PRIME MINISTER:

Well I have read that letter and I will write a full response to the Australian newspaper. I did do a lengthy interview on another radio station following an interview with Mr Deegan. I feel very sorry for him. I feel desperately sorry for the parents of so many of the young people who died in Bali. I don’t agree that we are paying for being close to the United States. The fanatics dislike us and despise us because of who we are and what we represent. They despise Westerners, they despise people who are free and open in their lifestyle, they despise a

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society that gives equality of treatment and opportunity to women as well as men, and in my opinion it’s a test for this country to understand the basis of the hostility that exists to us from these fanatics. It’s interesting that bin Laden in his public statements when he has mentioned Australia, has already twice mentioned what we did in East Timor in critical terms rather than what may have been said about Iraq or said about other things.

CLARK:

He’s obviously misinformed about East Timor. I mean as far as what we know it’s a Catholic country anyway, not [inaudible]

PRIME MINISTER:

His argument was that it was separated from an Islamic country. That was the basis of the criticism. I know that the then province of East Timor was very strongly Catholic, yes, unlike most of Indonesia. But the point being made was that it was an affront to the largest Islamic country in the world that a small part of it was given independence really at the urging and active assistance of Australia. But the point there was that it was that deed more than anything else that has been criticised. Now I’m not suggesting that people extrapolate too much from the broadcast mutterings of this fanatic but I’m trying to make the point that it’s a little simplistic to argue that because we’re close to the United States, these things have happened. But in the end we are an object of hatred because of the type of country we are, and fanatics don’t like free countries. The fanatics will lash out at free countries. And it’s not only countries like Australia that have lost to the deeds of terrorists. [inaudible] countries that perhaps haven’t been as seen as as vocally supporting the United States, countries like Germany and France, their citizens have died in terrorist attacks as well. And of course many Islamic people have been killed in terrorist attacks. There were Islamic people killed in the World Trade Centre. There were Hindu people killed in Bali and probably some Islamic people killed in Bali as well.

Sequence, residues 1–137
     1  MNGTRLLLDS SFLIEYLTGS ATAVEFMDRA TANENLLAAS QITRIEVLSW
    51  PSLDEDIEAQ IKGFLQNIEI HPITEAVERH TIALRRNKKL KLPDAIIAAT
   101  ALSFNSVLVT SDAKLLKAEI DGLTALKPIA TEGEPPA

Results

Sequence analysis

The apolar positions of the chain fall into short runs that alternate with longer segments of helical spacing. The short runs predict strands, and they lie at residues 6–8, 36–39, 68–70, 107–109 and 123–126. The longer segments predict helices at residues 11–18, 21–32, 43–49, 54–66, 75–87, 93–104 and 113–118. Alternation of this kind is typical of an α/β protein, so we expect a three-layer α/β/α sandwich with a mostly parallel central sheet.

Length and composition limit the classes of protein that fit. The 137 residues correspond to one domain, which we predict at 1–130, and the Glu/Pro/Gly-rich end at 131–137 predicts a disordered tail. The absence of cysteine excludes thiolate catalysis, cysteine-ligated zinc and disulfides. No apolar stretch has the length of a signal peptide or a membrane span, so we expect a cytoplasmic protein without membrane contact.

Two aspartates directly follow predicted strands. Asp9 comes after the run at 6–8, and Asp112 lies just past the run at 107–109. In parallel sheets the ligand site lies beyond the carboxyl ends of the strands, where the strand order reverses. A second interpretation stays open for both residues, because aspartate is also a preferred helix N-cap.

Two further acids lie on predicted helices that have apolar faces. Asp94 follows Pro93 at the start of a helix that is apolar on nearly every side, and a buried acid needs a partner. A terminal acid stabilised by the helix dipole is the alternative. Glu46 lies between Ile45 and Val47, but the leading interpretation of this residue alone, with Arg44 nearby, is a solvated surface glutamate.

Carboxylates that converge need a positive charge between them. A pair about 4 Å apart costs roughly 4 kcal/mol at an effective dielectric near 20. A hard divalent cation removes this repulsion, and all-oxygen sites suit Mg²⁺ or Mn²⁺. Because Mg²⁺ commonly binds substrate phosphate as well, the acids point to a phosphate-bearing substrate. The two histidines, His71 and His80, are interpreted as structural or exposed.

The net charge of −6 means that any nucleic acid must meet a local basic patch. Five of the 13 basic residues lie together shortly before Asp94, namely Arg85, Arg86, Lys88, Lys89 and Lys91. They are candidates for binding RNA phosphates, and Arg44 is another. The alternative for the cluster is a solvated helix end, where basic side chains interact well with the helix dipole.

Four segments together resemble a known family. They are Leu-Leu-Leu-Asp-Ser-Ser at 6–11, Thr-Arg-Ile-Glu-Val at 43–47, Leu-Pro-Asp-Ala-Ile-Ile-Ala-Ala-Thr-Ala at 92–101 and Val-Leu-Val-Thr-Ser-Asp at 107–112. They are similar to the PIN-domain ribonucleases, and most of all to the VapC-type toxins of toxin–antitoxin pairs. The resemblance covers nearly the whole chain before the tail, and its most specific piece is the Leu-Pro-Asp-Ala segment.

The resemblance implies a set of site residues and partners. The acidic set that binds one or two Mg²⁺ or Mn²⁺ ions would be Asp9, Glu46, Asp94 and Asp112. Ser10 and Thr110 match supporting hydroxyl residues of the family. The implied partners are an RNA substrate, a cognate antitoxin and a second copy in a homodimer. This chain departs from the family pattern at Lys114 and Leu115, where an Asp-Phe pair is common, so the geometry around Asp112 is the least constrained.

CLARK:

Yeah I’m sure that’s probably right. Our SAS troops are out of Afghanistan. I think everyone probably welcomes that decision and thinks it was proper in the circumstances. In relation to recommitting them to any potential conflict in Iraq the Government’s position is still that we are broadly supportive but would have to see what the UN says. Is that it?

PRIME MINISTER:

Well our hope is that this would be resolved through the UN and we haven’t taken any decision to commit. We have had contingency discussions with the United States but we have not as a government taken a decision. I hope it is not necessary for any military action to be taken by Iraq. I hope that Iraq complies fully with the UN requests. If it does, if it makes a full declaration, if it cooperates in a totally dismantling and destruction of these weapons of mass destruction then there is no need for any kind of military action and in that sense the ball is very much in Iraq’s court. I wish we didn’t as a world have to confront this issue. It’d be easy to walk away and pretend the problem would go away but those things never do go away simply if you turn your back on them.